What does fibroid pain feel like?

Fibroid pain is often an aching type of pain or a sensation of pressure or heaviness, rather than a sharp pain. In contrast, patients who have ovarian cysts or endometriosis will tend to have a different type of pain than you would see with fibroids.

Can uterine fibroids burst?

Uterine fibroids are not liquid cavities. They are actually fibrous masses, so they are hard and solid. Sometimes if you have a fibroid that is stuck to the inner lining of the uterus, it can slough, meaning it can detach from the uterine wall and actually come out through the vagina. This is an uncommon type of situation and only occurs in fibroids that are attached to the uterine wall. There is no way that the fibroid can actually burst.

Are there other treatment options for uterine fibroids other than a hysterectomy?

The treatment options really depend on the age that the symptoms of the fibroid develop. A person who has fibroids and has no symptoms doesn’t have to be treated. These are benign tumors, and will not develop into malignant tumors. You don’t have to treat them if you are not having symptoms. A lot of times, patients who present earlier in their early age group fibroid either involve massive fibroids and they can actually feel them, or they are having problems with pregnancy. In the older groups, symptoms of bleeding and heavy menstrual periods are common.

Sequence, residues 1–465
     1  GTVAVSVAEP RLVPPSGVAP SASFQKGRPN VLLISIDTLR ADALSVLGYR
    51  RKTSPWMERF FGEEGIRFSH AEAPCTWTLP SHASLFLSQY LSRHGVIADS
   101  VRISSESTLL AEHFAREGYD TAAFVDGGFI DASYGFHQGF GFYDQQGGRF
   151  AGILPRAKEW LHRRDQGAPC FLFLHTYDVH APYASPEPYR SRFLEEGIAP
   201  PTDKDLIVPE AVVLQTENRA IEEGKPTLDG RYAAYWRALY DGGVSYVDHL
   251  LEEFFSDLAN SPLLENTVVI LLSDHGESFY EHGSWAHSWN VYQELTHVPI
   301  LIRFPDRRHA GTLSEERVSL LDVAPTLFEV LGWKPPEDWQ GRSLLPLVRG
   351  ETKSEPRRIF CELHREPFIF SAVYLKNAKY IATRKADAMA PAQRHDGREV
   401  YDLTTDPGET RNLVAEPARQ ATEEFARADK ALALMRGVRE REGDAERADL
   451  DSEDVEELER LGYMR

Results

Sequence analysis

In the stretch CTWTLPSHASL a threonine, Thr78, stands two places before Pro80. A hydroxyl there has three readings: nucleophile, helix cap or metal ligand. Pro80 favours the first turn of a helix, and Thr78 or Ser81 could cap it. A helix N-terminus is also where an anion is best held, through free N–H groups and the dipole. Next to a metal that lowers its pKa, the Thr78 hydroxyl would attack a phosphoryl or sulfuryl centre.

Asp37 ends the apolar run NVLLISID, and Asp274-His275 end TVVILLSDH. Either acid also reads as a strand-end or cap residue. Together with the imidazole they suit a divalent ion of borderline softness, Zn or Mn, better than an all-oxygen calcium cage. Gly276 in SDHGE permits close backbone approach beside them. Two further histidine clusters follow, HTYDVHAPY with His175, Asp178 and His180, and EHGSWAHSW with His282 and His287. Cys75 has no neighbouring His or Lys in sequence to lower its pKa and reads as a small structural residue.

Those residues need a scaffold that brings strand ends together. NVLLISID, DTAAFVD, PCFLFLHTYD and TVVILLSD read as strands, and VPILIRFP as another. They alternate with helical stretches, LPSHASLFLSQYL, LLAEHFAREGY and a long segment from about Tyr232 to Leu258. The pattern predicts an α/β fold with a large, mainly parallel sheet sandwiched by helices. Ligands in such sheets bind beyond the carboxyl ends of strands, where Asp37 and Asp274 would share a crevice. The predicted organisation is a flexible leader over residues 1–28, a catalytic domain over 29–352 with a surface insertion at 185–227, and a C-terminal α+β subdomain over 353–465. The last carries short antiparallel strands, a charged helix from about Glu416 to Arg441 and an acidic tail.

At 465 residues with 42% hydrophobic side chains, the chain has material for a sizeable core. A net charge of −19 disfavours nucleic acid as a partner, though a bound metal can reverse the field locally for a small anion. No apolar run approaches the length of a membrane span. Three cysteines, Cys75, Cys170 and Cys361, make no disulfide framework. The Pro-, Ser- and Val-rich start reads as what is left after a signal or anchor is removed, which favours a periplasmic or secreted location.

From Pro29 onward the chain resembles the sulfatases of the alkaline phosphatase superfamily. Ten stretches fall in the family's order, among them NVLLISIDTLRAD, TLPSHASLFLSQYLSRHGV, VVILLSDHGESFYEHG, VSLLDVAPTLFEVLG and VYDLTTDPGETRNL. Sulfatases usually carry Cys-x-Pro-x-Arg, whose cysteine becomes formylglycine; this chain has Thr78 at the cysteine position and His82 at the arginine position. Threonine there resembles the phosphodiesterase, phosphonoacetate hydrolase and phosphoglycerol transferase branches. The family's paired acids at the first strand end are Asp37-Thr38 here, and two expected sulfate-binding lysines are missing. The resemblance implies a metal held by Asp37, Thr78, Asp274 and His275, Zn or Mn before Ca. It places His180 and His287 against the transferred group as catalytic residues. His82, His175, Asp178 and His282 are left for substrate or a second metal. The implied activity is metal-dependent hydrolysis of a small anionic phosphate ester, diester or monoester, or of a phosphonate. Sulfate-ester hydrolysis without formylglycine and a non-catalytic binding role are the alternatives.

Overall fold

Fibroids tend to grow and push on other structures, and because of the location of the uterus, it can affect other structures in that area and cause other symptoms. The uterus is right next to the bladder, so patients may develop a frequency of urination. It’s also near the back, so they may develop back pain associated with menstruation. Sometimes patients will get constipation because it’s pushing on the colon.

Hysterectomy means that you’re removing the entire uterus, so once that happens you are not able to become pregnant again. Another surgical option, without removing the entire uterus, is called Myomectomy. This means we remove those specific fibroids or the largest fibroids and leave the rest of the uterus intact. The other option we consider would be something called endometrial ablation.

When the fibroids are in the inner lining of the uterus, the gynecologist can put a scope inside the uterus and then burn out the dead fibroid. As interventional radiologists, we perform fibroid embolization, where we try to kill the fibroids internally. Fibroids are very vascular, which means they need a lot of blood flow to live. If you can primarily attack the fibroids themselves, leaving the uterus intact, you can kill the fibroids and have a normal uterus. Fibroid embolization is performed by putting a small catheter inside the artery supplying the fibroids, then injecting tiny microscopic particles into the blood vessels supplying the fibroids. Over time, that will kill the fibroids.

Schedule a UFE Consultation with Dr. Shams

If you are experiencing painful symptoms from uterine fibroids, please schedule a consultation with Dr. Shams or one of our other affiliated vascular specialists in New York, New Jersey, or Ohio to get the treatment you need.